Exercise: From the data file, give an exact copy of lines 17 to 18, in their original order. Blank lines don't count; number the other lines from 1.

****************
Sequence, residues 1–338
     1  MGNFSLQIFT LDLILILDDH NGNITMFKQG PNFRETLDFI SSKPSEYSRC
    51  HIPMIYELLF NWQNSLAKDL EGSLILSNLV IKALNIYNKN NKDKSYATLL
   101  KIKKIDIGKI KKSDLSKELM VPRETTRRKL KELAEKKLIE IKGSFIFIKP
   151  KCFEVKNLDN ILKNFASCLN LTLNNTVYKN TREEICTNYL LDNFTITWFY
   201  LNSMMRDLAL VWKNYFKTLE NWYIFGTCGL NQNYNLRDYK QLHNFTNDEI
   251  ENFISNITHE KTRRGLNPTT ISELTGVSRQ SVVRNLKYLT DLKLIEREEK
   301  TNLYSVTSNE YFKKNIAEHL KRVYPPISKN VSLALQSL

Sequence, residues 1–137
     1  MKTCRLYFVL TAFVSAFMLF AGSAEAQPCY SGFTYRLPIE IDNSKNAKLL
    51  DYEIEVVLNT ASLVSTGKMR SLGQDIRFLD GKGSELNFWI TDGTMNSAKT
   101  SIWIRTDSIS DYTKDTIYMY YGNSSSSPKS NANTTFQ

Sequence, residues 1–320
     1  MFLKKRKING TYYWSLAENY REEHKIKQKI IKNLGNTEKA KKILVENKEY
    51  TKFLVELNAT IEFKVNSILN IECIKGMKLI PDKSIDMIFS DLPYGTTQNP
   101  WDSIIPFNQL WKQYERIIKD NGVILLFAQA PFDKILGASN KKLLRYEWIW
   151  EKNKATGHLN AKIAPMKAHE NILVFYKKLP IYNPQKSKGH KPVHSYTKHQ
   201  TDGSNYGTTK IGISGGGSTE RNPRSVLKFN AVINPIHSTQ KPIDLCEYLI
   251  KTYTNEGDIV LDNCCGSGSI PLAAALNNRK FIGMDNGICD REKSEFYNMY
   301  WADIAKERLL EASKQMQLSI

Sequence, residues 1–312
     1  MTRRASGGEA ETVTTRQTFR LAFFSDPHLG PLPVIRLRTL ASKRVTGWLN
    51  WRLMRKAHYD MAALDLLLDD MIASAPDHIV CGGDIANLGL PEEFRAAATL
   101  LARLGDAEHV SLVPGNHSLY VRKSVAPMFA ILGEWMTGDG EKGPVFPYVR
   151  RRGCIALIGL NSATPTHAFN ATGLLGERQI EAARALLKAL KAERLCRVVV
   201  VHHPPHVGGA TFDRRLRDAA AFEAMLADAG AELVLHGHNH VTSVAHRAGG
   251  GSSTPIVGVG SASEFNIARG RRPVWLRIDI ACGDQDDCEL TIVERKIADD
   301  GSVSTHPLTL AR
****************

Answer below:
   151  EKNKATGHLN AKIAPMKAHE NILVFYKKLP IYNPQKSKGH KPVHSYTKHQ
   201  TDGSNYGTTK IGISGGGSTE RNPRSVLKFN AVINPIHSTQ KPIDLCEYLI